Depending on the day here in Wainwright, you could be caught in an intense firefight, fleeing for your life, or you could end up sitting around, eating all day as you fiddle with a newspaper layout.

I definitely prefer the exciting days.

Yesterday, I woke up early and went out to a village with a colleague as my alter-ego Roya Herawi, an Afghan reporter. We wore headscarves and travelled to the scenario with a group of Afghan actors.

I was assigned to a print story/photo layout about village life in Deh-E-Baugh (which we foolishly pronounced as dee-bag the entire day).

Long story short, Task Force Steel – the American soldiers – dropped down from several Chinook helicopters just outside of the village, and approached the village looking for insurgents.

Villagers were caught in the firefight, and the Americans suffered 18 casualties because they didn’t land in the right spot.

And because they made a mistake, us journalists had to dodge Taliban grenades as we ran for shelter.

The event was very real: While the guns used could only kill you digitally, they shot blanks and made awfully loud sounds when shots were directed at the giant metal Seacans posing as houses and buildings.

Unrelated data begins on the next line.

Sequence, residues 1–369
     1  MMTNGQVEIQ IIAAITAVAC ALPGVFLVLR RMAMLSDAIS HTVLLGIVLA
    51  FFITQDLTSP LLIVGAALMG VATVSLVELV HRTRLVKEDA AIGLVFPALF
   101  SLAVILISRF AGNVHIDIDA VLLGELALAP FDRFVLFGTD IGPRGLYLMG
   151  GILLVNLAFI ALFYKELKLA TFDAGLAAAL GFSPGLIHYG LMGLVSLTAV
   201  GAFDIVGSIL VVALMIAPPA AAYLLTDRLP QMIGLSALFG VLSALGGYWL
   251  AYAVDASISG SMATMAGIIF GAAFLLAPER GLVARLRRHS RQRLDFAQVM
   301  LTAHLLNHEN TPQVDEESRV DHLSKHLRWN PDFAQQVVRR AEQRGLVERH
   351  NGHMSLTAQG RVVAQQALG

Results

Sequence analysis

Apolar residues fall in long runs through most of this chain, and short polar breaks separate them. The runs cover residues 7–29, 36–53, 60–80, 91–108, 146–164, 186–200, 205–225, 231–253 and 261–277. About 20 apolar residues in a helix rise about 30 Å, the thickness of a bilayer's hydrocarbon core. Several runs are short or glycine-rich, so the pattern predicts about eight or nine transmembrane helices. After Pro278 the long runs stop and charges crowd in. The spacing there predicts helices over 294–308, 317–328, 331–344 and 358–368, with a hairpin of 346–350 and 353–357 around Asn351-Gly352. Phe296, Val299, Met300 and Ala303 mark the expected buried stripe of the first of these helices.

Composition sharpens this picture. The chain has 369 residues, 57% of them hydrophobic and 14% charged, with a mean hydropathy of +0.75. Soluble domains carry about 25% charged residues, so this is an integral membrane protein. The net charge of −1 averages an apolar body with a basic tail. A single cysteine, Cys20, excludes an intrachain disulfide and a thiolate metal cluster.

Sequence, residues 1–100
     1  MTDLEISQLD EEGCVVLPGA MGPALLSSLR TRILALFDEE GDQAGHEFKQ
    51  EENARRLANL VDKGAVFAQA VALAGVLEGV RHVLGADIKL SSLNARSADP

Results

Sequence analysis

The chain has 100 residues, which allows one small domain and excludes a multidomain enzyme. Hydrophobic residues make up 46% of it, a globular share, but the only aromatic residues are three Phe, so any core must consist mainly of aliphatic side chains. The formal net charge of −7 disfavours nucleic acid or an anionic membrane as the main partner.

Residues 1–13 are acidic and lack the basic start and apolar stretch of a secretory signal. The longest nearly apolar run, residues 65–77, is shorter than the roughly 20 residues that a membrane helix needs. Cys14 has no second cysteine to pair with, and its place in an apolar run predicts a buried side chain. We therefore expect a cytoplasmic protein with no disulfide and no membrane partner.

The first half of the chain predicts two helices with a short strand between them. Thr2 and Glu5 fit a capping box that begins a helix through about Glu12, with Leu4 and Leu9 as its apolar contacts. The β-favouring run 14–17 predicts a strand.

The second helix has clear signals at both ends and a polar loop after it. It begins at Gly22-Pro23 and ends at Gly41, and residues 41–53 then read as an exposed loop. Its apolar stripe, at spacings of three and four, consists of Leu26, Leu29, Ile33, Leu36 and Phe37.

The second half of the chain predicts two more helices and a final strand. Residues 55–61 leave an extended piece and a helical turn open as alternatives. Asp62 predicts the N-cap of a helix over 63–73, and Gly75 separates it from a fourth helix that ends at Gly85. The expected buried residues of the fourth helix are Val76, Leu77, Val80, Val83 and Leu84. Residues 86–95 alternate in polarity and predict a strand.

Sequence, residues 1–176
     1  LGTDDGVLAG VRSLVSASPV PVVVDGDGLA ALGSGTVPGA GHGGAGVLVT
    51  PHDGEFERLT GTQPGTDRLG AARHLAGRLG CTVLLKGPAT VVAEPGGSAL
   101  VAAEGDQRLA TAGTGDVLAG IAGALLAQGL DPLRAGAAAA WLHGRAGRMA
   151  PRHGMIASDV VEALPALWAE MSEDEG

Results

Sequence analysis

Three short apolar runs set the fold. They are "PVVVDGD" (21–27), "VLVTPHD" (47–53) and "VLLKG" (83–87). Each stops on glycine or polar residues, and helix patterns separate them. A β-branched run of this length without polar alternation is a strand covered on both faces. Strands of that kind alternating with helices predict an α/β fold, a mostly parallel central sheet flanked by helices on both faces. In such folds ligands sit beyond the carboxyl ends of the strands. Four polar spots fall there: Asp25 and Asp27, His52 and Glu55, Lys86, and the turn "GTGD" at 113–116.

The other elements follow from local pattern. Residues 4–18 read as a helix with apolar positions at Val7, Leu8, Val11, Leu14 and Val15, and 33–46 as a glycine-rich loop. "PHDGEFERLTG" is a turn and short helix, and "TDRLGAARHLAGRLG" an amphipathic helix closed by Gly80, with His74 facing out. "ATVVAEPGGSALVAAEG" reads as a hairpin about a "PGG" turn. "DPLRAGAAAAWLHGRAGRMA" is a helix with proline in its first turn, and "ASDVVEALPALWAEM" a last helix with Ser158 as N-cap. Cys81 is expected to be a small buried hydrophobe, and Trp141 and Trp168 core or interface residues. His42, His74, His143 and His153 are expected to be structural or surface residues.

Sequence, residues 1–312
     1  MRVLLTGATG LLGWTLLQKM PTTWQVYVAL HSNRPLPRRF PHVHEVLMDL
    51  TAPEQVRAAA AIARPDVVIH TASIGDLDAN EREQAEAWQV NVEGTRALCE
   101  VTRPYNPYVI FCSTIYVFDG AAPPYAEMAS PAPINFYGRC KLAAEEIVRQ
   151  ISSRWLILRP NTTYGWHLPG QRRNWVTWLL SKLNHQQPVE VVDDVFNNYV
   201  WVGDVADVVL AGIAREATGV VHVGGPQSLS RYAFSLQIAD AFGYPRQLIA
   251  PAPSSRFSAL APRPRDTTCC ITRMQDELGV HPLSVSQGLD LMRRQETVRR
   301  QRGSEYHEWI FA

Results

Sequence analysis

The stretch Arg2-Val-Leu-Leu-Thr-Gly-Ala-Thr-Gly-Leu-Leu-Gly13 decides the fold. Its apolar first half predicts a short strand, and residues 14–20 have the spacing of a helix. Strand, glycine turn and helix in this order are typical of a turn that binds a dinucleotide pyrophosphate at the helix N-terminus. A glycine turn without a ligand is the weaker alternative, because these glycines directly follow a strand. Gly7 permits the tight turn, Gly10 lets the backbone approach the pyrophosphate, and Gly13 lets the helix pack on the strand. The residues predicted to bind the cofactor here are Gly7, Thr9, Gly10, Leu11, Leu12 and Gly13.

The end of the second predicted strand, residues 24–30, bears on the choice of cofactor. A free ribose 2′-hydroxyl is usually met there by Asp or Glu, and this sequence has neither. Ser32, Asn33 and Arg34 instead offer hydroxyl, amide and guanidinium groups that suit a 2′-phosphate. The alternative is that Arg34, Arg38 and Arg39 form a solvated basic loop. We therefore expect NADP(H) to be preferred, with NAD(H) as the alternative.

With our headscarves flapping in the wind, we managed to take cover behind a wall.

As I was furiously snapping photographs, my flash went off and from far away, the camera must have looked like a gun.

Friendly fire nearly killed me. Once we stopped screaming, we realized I had only suffered a “near miss,” according to my electronic vest.

It was scary, it was thrilling. We were later detained, then we broke free, then got detained again and eventually left the village.

There are lots of rules to learn as an embedded journalist, and lots of rules you need to forget when you aren’t embedded. When you go outside the wire with the troops, you have to work within certain lines. But as an Afghan journalist, or freelancer or international journo, those rules don’t apply.

It’s confusing at times, especially since we’re constantly switching media hats, so-to-speak. But things are best learned by doing.

In other news, I’ve tried my hand at anchoring and have read the weather report twice. I’ve done the layout for two of our papers, and written a print story for one of them.

Today, I’m playing a Canadian journalist, and am currently under a media embargo, meaning I can’t communicate any information about what I’m doing until I’m given the go-ahead. In the meantime, I’m just sitting and waiting all alone in the media tent at Kandahar Airfield.

One of the commonly used phrases around here: “Hurry up and wait.”

At least the tent has heat.

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